Thursday, December 01, 2005

You Make the Call
Let's suppose you were President for an hour. Yes, you. Your primary task is to make a significant appointment: the deputy director of USAID. What is USAID? It is a government agency that distributes funds to countries engaging in Democratic reform, or recovering from disaster, or mired in deep poverty. But it does those things for the express purpose of furthering the foreign policy goals of the US. As a tool for promoting stability, peace and democracy, President Bush has considered USAID one of the three legs of the "foreign policy apparatus" engaged in the "war on terrorism", alongside defense and diplomacy.

So what sorts of qualifications will you look for? Someone with administrative experience, overseeing significant funding processes? someone worldly? knowledgeable of civic infrastructure needs? foreign affairs/diplomatic experience? disaster relief experience? (no, Michael Brown is not available)

How about Paul Bonicelli? Who's he? He's been the Dean of Patrick Henry College, a conservative (to put it mildly) Christian school of 300 students, created for the purpose of attracting home-schooled students who want to stifle announce their academic curiosities ahead of time with pledges of belief in inerrant, literal scriptural truth, including a rather particular avowance that "hell is a place where 'all who die outside of Christ shall be confined in conscious torment for eternity.'" All, like, I presume, Muslims, Hindus and Jews.

I don't think you would appoint him to take a key leadership position within USAID. But somebody did. And I should be clear--I think persons of all religious faiths and viewpoints should be, of course, eligible for all government positions for which they are qualified. Religious belief should neither include nor preclude that qualification. But there is a problem here even beyond Bonicelli's seeming lack of any relevant experience for such an important post. 2 really:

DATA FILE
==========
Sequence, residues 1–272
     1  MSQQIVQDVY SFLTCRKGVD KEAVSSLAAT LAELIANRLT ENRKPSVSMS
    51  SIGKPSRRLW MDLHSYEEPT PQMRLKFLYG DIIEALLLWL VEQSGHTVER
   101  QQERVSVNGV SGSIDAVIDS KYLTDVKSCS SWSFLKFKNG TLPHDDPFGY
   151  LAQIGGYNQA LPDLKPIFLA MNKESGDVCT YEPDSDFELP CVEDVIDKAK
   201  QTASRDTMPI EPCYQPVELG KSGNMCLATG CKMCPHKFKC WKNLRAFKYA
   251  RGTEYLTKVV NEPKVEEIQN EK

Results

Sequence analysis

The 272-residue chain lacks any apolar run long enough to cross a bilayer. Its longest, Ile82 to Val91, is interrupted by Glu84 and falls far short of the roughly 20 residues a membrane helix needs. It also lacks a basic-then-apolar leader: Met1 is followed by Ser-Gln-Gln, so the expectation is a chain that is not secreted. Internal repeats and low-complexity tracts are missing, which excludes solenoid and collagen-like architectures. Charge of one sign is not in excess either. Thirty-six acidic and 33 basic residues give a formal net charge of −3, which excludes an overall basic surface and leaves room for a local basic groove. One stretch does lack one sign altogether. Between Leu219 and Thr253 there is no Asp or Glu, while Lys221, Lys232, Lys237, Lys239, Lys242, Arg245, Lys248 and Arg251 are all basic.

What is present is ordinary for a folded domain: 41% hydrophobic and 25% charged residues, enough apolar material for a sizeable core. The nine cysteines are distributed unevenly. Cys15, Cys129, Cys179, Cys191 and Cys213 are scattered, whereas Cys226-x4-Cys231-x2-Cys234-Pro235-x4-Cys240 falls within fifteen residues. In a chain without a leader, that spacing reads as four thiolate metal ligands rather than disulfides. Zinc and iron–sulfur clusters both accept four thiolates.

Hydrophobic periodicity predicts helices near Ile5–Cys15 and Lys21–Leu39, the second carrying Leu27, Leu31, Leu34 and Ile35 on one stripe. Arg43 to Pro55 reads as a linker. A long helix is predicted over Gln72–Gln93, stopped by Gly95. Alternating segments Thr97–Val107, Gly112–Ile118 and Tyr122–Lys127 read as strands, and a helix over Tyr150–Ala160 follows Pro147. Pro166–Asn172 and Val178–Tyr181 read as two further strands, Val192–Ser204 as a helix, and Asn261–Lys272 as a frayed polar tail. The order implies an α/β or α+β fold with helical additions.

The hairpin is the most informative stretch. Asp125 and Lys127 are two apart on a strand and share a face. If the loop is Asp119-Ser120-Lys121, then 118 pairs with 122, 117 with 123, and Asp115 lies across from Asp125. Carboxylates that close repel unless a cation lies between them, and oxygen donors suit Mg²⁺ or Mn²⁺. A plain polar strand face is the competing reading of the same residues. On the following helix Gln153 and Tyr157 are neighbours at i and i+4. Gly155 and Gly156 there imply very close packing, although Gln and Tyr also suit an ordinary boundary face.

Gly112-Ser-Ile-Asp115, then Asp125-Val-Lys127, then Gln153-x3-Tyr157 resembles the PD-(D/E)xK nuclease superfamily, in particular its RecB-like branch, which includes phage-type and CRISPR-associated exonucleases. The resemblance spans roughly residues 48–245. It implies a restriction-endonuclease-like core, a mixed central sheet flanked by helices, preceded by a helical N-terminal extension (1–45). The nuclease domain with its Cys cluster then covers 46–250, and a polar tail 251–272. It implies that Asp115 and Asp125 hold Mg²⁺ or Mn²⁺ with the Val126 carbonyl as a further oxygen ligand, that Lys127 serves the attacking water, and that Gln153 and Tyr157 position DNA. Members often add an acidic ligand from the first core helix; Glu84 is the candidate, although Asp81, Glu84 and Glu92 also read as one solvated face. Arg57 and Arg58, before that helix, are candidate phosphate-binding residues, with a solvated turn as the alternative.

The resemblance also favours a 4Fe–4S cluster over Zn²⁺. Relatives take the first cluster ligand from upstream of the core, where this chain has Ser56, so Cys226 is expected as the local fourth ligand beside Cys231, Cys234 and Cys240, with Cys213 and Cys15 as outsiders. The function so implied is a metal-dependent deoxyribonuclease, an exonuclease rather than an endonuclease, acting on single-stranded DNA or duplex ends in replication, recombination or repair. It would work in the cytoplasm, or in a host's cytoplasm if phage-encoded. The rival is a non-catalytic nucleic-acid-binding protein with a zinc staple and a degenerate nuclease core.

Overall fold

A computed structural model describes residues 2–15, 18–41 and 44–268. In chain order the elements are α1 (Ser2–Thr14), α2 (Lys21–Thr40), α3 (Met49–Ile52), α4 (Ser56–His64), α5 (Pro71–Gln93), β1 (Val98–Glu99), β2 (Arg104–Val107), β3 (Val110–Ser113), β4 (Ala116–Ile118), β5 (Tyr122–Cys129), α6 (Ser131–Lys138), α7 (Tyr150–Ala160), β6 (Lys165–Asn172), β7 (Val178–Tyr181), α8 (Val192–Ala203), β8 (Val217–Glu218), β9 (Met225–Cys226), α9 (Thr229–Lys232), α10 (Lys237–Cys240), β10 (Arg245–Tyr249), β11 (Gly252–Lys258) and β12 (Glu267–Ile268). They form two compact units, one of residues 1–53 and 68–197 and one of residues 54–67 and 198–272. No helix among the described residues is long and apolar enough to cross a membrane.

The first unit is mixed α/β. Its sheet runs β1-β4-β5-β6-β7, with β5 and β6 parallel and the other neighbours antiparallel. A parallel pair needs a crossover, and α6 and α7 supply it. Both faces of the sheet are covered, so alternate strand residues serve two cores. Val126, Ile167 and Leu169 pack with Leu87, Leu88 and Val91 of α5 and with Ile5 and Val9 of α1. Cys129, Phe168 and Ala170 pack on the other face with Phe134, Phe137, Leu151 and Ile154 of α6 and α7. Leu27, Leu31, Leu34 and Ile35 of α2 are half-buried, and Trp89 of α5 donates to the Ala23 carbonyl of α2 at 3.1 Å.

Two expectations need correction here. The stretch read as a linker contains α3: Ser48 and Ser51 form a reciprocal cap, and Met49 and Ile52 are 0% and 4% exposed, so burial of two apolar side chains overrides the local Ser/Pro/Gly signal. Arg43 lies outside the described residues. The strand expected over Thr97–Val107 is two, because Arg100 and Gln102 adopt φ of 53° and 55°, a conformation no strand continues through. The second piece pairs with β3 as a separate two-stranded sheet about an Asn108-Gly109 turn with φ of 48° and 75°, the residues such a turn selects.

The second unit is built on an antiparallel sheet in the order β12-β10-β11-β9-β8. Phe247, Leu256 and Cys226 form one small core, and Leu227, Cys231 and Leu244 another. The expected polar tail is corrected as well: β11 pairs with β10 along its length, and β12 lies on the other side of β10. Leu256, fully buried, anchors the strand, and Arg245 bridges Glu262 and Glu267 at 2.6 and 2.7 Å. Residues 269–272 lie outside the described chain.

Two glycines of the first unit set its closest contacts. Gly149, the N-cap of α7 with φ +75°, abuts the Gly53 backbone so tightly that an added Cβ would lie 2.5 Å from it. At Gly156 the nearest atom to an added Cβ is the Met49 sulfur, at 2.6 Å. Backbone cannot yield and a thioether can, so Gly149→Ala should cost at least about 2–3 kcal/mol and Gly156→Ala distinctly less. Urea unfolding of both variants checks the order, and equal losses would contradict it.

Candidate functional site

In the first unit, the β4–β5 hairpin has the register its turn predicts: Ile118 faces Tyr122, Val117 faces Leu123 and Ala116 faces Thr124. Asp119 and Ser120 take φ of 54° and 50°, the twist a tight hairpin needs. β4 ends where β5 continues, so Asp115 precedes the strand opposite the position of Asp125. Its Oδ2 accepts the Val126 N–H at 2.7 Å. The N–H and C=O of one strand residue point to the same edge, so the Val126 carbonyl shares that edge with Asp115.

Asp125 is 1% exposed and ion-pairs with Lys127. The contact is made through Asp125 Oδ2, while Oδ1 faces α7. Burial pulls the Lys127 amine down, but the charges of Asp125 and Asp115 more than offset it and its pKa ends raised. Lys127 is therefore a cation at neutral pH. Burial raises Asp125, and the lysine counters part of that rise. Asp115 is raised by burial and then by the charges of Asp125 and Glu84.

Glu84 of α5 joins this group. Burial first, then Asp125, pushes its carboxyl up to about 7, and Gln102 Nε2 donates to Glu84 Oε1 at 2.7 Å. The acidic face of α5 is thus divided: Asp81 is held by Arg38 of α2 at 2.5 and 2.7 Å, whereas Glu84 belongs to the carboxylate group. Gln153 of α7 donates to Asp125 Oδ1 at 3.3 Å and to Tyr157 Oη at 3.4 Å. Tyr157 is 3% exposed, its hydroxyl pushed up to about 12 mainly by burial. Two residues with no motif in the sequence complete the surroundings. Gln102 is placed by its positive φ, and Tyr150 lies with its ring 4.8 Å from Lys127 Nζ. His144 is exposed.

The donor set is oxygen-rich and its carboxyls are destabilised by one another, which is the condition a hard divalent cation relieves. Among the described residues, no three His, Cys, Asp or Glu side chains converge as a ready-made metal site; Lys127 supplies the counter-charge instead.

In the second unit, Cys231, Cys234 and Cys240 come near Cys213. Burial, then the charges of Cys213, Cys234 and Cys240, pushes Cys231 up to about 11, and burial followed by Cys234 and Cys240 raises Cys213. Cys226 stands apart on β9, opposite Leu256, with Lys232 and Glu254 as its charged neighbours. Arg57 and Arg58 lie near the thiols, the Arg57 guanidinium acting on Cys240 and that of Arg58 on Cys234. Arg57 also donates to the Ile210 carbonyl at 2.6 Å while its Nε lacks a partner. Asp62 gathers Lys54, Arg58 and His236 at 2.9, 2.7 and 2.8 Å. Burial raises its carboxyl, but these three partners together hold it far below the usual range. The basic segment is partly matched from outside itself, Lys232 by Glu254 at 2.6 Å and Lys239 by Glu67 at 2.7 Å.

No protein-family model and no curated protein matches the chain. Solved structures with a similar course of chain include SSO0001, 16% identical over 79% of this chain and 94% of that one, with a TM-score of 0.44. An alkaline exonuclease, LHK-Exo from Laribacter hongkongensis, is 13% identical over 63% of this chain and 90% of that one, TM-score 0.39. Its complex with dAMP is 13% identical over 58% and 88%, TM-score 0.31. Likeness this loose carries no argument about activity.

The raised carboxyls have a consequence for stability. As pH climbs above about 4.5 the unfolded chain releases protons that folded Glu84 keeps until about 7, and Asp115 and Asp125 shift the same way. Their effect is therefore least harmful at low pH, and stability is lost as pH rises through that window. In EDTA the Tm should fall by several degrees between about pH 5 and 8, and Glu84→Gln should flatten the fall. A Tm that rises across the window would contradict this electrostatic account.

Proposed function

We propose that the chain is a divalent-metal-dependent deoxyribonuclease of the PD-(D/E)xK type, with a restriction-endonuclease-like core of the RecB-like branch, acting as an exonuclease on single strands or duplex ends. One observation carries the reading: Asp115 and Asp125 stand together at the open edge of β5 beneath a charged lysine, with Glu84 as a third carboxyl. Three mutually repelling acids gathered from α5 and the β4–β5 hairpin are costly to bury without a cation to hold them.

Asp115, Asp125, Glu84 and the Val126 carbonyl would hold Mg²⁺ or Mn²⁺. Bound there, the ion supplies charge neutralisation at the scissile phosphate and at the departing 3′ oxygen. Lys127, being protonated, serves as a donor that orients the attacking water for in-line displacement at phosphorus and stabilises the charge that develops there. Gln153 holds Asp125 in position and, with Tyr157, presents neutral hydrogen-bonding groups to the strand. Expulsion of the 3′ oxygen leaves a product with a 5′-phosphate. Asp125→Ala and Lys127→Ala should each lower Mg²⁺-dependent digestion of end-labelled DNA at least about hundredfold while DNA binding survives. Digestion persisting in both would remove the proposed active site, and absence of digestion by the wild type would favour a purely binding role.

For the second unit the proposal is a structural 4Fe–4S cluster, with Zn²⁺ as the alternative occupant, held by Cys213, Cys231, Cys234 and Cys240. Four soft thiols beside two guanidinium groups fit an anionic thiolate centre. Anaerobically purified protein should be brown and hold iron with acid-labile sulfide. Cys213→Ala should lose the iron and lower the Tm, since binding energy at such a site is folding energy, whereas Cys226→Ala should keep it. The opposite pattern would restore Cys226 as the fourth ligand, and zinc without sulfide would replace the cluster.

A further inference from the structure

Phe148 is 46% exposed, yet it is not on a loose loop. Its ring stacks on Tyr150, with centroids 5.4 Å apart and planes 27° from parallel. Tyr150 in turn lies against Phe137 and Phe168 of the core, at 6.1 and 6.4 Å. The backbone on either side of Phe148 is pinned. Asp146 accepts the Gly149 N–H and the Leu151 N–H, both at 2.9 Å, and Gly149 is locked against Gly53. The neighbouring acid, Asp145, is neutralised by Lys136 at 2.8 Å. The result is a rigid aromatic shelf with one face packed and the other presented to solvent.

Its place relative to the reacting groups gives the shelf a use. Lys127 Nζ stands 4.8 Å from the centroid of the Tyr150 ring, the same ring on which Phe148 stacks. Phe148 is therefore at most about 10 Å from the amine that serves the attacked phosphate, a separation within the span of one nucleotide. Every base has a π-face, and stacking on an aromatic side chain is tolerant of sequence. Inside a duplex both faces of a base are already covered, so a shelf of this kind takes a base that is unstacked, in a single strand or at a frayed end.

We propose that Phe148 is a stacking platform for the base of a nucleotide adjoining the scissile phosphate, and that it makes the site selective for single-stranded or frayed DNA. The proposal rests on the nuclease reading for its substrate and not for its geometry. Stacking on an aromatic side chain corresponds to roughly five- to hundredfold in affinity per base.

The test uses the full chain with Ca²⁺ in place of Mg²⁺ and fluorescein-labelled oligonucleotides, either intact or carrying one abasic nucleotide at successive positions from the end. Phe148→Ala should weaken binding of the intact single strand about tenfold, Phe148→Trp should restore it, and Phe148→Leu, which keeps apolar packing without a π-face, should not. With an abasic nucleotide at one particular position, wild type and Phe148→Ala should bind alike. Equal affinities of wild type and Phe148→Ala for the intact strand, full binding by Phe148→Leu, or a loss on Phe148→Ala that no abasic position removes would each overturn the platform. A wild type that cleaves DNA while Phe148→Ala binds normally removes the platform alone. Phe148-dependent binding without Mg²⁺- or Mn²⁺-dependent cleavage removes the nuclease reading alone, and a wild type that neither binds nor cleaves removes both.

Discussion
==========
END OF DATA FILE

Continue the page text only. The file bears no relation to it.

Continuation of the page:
1. Because the politics of today have so tied the conservative religious community to the electioneering machinery of party politics, it's hard to accept this otherwise curious appointment as anything but a political nod to the religious right. The conscious courting of religious voters has created a rather unholy marriage between religious leaders and elected officials that--like any purely political alliance taken too far--can be bad for the important business of government.

2. This furthers the impression that foreign policy might be a religious exercise. Again and again we have heard that the "war on terrorism" is not a war on Islam. But there has been plenty of reason to believe the motivations of much of our foreign policy is based in religion. An appointment like this one can only fuel that fire. Bad appointments, like this one appears to me, will make it harder for future Presidents to appoint people of outspoken faith to important positions for which they are indeed qualified.

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